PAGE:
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now took hold of him. He firmly believed his last moment
had arrived. But the master of this Norwegian household
simply took the knife down from the beam and, in returning
it to its original owner, warned him of the consequences he
might expect if ever again he sought to slay an innocent
seal sunning himself on the rocks.
The Trows of Orkney.
There is a tradition in the Northern Isles that even the
trows (the faery-folk of the Orkneys and Shetlands) some-
times changed themselves into seals — particularly the land-
trows, who were more often in need of such metamorphosis
than were the sea-trows. Land-trows, it is said, were obliged
to take the form of seals when, in search of a human wife,
they had to cross from one island to another. There is an
Orcadian belief that trows are prone to foist themselves on
bachelors who may be giving a thought occasionally to
matrimony ; and Orcadian mothers, when cross with their
children, frequently use the phrase, " Trow tak' thee ! "
When a lady sea-trow decided to go ashore on one of the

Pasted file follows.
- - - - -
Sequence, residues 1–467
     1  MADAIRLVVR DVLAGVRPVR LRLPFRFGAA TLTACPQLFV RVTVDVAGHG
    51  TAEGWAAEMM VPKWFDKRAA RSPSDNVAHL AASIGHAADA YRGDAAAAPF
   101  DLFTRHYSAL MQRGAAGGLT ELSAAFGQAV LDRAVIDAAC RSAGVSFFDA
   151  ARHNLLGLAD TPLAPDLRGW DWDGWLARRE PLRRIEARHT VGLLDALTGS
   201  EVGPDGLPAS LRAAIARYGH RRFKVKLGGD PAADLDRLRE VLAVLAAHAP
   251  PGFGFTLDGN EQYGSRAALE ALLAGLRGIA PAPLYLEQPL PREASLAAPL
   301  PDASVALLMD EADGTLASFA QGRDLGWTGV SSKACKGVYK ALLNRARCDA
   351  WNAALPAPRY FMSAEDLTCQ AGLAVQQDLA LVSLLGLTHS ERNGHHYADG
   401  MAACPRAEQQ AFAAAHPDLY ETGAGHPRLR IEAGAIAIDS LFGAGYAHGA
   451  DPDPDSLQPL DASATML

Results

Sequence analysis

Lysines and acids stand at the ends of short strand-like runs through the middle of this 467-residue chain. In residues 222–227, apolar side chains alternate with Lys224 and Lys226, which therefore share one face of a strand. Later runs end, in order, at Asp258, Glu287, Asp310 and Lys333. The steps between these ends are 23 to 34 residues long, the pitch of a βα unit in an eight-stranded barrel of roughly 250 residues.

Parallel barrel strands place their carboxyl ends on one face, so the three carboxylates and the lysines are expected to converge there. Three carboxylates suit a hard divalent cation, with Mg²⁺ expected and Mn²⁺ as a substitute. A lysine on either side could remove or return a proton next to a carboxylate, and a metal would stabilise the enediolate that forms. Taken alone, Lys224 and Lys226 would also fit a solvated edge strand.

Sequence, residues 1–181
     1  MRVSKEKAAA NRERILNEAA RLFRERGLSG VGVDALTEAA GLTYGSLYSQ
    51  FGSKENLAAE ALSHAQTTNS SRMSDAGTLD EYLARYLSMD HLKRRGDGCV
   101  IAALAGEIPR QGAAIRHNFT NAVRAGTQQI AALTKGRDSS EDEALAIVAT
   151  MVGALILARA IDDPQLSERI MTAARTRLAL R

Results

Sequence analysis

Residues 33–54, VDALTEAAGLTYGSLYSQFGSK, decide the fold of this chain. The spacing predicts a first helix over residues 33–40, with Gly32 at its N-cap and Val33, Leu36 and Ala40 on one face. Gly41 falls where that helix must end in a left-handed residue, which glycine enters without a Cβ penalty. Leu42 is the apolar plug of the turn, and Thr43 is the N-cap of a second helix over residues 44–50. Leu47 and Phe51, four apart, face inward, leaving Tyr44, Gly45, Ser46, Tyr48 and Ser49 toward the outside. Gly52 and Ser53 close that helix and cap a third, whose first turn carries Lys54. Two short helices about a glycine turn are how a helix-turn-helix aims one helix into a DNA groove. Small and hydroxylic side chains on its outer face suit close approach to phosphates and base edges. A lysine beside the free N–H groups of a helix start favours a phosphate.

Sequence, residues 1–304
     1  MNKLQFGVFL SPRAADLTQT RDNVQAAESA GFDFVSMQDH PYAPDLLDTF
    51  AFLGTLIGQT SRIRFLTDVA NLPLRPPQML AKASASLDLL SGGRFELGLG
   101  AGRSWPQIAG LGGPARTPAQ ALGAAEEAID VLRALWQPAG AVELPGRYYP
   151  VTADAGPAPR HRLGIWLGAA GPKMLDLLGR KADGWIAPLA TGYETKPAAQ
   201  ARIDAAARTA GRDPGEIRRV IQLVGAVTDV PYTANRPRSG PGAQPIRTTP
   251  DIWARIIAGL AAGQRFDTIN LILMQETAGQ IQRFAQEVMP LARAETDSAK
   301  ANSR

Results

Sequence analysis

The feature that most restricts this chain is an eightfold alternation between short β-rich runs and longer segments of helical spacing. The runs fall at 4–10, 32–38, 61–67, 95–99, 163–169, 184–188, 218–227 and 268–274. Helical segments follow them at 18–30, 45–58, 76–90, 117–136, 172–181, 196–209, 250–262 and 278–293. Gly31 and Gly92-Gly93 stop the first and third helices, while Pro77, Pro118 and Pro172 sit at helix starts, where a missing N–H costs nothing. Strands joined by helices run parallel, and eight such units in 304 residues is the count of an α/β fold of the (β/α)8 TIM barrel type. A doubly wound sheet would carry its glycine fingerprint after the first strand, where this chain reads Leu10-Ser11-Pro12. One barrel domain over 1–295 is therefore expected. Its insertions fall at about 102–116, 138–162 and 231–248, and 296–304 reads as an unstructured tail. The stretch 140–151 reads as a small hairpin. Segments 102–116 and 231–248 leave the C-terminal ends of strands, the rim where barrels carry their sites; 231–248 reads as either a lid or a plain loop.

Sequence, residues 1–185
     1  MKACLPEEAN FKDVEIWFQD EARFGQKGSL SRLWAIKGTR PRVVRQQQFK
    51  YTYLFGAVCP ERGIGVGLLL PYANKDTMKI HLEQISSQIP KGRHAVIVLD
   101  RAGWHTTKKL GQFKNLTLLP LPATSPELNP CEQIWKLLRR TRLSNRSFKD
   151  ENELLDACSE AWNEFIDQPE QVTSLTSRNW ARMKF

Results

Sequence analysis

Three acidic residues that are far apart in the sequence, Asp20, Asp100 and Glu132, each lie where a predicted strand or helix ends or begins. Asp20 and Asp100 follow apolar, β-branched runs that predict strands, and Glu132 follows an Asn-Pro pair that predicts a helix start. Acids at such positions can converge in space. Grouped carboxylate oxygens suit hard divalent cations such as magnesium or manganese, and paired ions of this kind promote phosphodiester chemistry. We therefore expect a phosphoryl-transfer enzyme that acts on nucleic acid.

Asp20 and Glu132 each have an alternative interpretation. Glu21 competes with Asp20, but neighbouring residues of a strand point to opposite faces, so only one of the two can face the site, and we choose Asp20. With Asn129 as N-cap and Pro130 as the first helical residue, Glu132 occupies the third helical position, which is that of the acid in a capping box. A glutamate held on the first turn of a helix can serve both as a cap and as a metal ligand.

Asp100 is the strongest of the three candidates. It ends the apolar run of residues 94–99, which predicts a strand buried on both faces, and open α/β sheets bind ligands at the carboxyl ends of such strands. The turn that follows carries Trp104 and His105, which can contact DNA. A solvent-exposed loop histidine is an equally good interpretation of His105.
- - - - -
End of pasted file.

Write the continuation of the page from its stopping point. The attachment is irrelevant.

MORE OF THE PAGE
Northern Isles in search of a human husband, she instantly
discarded her seal-skin. If in later years she happened to
come upon her seal-skin, she was tempted to get into it
again, and return to the sea, even at the cost of abandoning
her husband and children for ever. The Seal-folk traditions
of the Orkneys and Shetlands are replete with instances in
which seal-women have deserted their families.
There is a story told by Alexander Poison in Our High-
land Folklore Heritage of an old Shetlander who, when
shipwrecked on an Island some considerable distance from
his own, entered a house, the interior economy of which
seemed strangely familiar to him. Imagine his consterna-
tion, then, when he recognised in the goodwife his very own
sister who, some twenty years earlier, had disappeared
mysteriously from her home. His realising that he had come
to the house of a trow made him anxious to depart, lest
anything untoward should occur. But his sister pressed him
to tarry awhile, and have something to eat. No sooner was
he seated at a meal than a large seal entered the room, passed

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